I believe that meanwhile, Lula, who was supposed to be for the people, became corrupt, he probably became tempted by the power, the money and the abundance he had never experienced before. His children became multi-millionaires in the span of ten years and their elevation is parallel with lobbying and political movements and benefits given to large corporations.
- Dilma, the current president, is Lula’s protege, she managed her first mandate in the same spirit, in the wake of Lula’s policies. She was re-elected in 2014 but hasn’t been able to do much so far, because of all the corruption issues. I don’t see her as being as corrupt as Lula, I think she isn’t as smart, she seems to have a faint noble streak, but she is naive and frankly, I don’t find her smart at all.
- In August 2013, the law that allows for reduction of sentences to convicted criminals for dubbing their fellow lawbreakers, was reviewed and signed by Dilma. That was something very important for what would come next, if she knew what she was doing!
- Then came Operation Car Wash “Operação Lava Jato”, in March 2014, the investigation that caused all the mess started. Looking into the money laundering of one car wash, the first domino fell. With the law I just mentioned above, one person caught started telling on the others. About 160 people have been put in jail so far, almost 3 Billion Reais have been recovered while about 22 Billion have been requested to be returned. Collor and Lula have been caught in this operation’s net and are being investigated.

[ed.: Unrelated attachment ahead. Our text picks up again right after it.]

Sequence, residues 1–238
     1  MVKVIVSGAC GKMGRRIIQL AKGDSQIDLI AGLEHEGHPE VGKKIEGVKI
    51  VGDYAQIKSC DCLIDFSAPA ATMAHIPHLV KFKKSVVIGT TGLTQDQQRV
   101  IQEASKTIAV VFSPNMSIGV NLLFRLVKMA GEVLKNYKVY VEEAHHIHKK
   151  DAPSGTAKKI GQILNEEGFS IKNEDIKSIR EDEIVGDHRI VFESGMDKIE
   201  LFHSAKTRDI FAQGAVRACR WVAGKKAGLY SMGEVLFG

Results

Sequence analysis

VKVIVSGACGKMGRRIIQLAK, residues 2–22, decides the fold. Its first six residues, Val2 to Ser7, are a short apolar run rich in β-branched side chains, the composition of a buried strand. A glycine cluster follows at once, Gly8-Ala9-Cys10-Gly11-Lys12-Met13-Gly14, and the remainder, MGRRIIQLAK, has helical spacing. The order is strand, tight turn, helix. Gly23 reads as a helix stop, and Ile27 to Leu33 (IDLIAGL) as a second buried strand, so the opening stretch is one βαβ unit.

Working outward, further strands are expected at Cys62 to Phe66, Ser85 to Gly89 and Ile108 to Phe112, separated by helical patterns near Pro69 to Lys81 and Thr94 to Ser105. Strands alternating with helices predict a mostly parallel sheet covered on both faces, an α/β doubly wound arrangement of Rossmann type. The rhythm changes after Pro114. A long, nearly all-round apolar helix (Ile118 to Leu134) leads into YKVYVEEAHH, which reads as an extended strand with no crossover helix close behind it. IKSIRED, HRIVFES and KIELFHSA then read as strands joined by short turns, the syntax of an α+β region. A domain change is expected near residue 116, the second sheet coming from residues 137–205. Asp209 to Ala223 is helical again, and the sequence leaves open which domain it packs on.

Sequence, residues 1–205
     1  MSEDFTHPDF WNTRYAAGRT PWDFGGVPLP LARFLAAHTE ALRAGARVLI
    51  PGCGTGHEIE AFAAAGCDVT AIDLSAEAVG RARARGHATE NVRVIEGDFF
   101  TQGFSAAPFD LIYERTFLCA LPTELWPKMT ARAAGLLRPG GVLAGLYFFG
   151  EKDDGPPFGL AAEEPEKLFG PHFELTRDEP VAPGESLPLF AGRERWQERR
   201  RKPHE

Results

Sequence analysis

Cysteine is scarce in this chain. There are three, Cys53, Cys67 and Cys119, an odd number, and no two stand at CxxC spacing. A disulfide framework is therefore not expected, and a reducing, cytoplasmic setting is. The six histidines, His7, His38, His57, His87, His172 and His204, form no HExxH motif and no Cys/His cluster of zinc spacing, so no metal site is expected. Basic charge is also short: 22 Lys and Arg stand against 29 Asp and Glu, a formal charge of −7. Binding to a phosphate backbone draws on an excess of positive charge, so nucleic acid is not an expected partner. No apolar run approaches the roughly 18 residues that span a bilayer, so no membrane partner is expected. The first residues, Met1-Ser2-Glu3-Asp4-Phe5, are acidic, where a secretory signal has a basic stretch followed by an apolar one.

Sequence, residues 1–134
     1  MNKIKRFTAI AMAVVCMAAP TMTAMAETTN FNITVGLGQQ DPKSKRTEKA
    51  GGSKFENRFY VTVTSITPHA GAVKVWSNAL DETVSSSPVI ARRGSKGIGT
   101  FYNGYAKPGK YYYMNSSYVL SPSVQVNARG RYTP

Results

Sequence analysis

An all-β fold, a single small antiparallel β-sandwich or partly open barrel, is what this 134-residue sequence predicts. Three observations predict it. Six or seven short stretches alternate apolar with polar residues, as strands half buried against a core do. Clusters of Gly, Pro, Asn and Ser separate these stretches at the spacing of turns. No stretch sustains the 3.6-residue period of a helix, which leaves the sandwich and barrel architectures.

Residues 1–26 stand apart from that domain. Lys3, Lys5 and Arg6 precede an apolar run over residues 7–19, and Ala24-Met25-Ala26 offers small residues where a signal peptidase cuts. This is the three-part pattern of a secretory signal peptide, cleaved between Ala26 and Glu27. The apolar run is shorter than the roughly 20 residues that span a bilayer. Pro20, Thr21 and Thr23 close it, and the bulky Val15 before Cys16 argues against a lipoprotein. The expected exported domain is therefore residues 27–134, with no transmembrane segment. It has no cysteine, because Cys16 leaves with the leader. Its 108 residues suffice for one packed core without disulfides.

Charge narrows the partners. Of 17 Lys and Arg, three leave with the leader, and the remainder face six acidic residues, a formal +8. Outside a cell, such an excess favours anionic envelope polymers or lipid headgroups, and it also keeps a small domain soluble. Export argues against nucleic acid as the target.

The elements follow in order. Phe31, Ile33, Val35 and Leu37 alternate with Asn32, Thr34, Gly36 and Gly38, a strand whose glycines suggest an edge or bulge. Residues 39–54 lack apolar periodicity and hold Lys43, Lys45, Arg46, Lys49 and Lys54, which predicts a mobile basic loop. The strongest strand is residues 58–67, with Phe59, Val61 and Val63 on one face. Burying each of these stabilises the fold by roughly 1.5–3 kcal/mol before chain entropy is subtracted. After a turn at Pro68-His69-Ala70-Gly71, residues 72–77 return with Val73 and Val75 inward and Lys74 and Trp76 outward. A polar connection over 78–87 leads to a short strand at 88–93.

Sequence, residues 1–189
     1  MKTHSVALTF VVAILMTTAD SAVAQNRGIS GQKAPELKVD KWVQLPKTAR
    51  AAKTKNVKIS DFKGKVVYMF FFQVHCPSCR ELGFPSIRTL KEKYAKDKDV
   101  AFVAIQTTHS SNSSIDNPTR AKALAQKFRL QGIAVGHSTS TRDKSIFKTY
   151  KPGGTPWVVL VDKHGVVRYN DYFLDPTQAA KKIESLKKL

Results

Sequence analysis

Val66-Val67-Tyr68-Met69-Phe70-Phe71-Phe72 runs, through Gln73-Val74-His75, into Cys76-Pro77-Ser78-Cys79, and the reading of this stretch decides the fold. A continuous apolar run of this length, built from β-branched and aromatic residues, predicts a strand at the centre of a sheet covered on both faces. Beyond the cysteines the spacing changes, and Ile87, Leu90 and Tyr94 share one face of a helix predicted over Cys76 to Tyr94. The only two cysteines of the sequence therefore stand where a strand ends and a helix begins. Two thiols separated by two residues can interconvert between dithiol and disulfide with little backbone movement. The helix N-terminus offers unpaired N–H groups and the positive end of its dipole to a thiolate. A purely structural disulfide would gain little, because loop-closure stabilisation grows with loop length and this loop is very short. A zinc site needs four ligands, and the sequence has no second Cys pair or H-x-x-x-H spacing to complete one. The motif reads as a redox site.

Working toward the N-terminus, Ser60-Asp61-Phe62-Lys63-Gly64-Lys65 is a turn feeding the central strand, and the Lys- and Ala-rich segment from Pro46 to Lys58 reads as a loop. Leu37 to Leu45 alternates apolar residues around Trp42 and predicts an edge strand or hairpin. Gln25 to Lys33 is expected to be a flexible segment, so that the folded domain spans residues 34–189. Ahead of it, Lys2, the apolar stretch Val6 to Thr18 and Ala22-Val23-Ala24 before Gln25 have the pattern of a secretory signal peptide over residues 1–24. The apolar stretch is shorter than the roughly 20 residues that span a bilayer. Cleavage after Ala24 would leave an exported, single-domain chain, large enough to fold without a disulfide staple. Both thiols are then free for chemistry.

- Dilma, in an attempt to help Lula, offered him the Chief of Staff Ministry, to allow him to avoid preventive incarceration, and to allow him to be investigated by a higher level of justice, escaping the grasp of the Car Wash Operation; I believe that he would be able to manipulate the higher level judges and escape justice.
- Lula hasn’t been allowed to get into this ministry so far, the justice system is fighting hard to avoid it. There is talk he is trying to run off to Spain.
- This ministry and the release of some private conversations recorded between Lula and Dilma were the straw that broke the camel’s back, as I see it. They turned the public opinion, created the protests and made the impeachment process to progress.
- This week, one instance of the impeachment process was voted and approved. In the next few weeks, the Senate should vote, if they approve it, Dilma will be removed from office temporarily, for 180 days, as the investigation moves forward.
With all that we also have the crazy mozzies, mysterious viruses, the new flu felling people by the bunch, the ecological disaster, the super polluted Guanabara Bay, falling bike paths, the infra-structure in Rio with its delayed projects AND we are 105 days from the Olympics…
I have to say that I’m still happy, because for the first time a lot of people are feeling the consequences of being corrupt, are being punished. I feel there is a sense of pride in being honest being recovered and although the short term from now should be dire, the long term has to be better than it has been.